My classroom door has an open invitation. I welcome all to share and watch. In fact, last academic year, I trialed ‘Window in my Week’, a slot in my timetable where I was available for those who wanted to watch and share. I wanted to use observation to model to staff. To share, observe and plan together.
Today our Teach First student came to observe me teach long division. It transpired that the student is a former PE Teacher. Our conversations turned to modelling and how this looks in PE and its translation into the primary classroom.
Later, during my commute home, I reflected on our conversations and how my own classroom practice has been strongly influenced by my days as a PE Teacher. Most notably modelling.
One thing that stayed firmly in the changing room was my tracksuit however modelling stayed in the top pocket. I wanted to share how this looked and highlight what we can learn from PE. In each example, I have given an application for the primary classroom, which I hope means you can translate it into your own classroom.
PE teachers use ‘live modelling’. They model using an I Do you watch approach. You model the skill live in front of the students, verbalising the skills involved. This is a hugely powerful tool and as the recent EEF report on metacognition highlights by verbalising this you are “modelling the thought process of an expert learner.”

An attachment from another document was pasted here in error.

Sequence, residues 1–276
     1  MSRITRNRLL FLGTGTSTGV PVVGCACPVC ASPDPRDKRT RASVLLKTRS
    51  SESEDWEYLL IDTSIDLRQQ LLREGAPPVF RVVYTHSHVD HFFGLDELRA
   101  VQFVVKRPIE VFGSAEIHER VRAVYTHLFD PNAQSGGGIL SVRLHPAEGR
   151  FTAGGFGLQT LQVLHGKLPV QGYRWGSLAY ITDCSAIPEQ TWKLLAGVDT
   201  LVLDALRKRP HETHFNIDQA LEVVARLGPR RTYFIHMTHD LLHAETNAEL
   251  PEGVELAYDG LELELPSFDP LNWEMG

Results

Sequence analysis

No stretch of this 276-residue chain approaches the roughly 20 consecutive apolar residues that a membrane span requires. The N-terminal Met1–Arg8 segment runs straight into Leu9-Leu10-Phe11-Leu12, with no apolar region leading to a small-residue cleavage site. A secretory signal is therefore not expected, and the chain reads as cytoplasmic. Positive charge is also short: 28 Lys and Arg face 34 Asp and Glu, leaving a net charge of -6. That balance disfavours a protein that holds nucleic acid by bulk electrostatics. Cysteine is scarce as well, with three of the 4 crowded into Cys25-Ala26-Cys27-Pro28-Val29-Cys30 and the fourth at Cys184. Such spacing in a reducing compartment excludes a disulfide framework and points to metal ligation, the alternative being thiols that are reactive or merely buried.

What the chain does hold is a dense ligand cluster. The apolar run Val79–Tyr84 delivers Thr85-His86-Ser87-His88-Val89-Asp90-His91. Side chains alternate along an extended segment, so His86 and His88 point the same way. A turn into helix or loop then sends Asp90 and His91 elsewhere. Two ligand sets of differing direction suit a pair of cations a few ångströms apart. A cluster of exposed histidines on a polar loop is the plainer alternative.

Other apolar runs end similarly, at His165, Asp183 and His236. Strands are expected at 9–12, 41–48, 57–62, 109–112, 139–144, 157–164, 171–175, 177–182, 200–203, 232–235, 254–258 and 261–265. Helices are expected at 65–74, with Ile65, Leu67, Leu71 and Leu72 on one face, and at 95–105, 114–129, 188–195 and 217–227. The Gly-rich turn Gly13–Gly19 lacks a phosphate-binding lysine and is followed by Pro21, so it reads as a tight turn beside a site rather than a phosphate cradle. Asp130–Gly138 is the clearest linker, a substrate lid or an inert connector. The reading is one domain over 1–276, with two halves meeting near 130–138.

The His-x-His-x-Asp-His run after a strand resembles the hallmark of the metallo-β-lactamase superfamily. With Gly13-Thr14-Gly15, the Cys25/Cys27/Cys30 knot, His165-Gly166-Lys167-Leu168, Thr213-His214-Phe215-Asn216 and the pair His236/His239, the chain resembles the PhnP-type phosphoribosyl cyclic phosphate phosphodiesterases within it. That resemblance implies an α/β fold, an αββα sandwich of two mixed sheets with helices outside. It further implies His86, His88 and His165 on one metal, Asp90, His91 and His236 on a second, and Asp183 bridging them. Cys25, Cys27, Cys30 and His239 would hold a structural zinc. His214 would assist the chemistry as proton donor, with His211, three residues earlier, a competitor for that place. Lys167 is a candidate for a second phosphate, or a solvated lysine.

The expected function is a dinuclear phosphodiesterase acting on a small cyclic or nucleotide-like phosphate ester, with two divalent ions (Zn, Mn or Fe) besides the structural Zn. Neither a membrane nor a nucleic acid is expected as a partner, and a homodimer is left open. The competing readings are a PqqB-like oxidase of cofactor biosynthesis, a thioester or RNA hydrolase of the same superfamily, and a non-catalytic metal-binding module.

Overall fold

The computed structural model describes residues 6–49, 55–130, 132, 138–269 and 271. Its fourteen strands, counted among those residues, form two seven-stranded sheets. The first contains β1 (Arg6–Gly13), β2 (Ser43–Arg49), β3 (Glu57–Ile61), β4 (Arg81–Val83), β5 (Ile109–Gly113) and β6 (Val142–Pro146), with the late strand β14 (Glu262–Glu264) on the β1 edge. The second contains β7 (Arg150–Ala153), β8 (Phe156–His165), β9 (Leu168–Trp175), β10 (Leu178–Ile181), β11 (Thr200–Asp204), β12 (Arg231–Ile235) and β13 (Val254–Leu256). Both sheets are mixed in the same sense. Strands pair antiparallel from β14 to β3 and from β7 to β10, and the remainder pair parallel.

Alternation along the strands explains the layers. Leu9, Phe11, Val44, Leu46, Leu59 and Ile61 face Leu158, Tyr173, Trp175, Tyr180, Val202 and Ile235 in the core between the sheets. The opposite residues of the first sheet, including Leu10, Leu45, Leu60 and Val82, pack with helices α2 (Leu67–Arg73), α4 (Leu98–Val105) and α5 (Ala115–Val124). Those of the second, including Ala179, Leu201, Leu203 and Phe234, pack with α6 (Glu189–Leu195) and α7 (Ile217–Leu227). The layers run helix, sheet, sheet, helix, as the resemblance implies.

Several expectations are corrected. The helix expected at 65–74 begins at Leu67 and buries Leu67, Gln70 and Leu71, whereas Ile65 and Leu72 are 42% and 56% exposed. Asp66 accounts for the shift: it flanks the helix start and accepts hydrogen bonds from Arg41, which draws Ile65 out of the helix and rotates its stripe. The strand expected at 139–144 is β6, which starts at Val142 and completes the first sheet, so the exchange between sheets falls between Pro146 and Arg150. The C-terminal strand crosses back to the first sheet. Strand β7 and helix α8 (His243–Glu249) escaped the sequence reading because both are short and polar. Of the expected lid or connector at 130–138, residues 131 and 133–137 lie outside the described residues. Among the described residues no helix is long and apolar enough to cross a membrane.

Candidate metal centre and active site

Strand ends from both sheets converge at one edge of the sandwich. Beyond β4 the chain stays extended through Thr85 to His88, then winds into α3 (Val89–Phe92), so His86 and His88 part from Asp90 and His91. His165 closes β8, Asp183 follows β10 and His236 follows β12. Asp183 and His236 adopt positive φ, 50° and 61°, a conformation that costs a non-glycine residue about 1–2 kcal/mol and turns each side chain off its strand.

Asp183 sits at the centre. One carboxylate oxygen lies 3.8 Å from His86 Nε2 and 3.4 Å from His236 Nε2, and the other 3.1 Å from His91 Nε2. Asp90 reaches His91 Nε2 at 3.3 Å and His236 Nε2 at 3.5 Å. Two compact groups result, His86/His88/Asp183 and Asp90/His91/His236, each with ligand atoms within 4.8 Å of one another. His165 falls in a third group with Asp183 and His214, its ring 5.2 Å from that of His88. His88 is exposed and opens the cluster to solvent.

Application for the primary classroom: I visualise by @alanpeat to model live and provide live examples and using a margin when you are engaged in a guided writing.
As Rosenshine’s seminal Principles of Instruction share so brilliantly, particular in @OLICA brilliant poster, new learning should be presented in small steps. Often, in PE, modelling involves presenting new information, in steps, before presenting and combing into a game. This is vital as it prevents cognitive overload.
Application in the primary classroom: the worked example and spot the difference. Both work brilliantly to reduce cognitive load. I would checkout @mrbartonmaths for more on worked examples.
Deliberate and potential misconception modelling
In order for a skill in PE to be executed correctly, for example a serve in badminton, it may be necessary to model potential misconceptions. I used to use what can go wrong. By highlighting this you are reducing the number of errors that needed to be corrected later.
I hope this has been useful and you are able to use some of the modelling techniques, thanks for reading.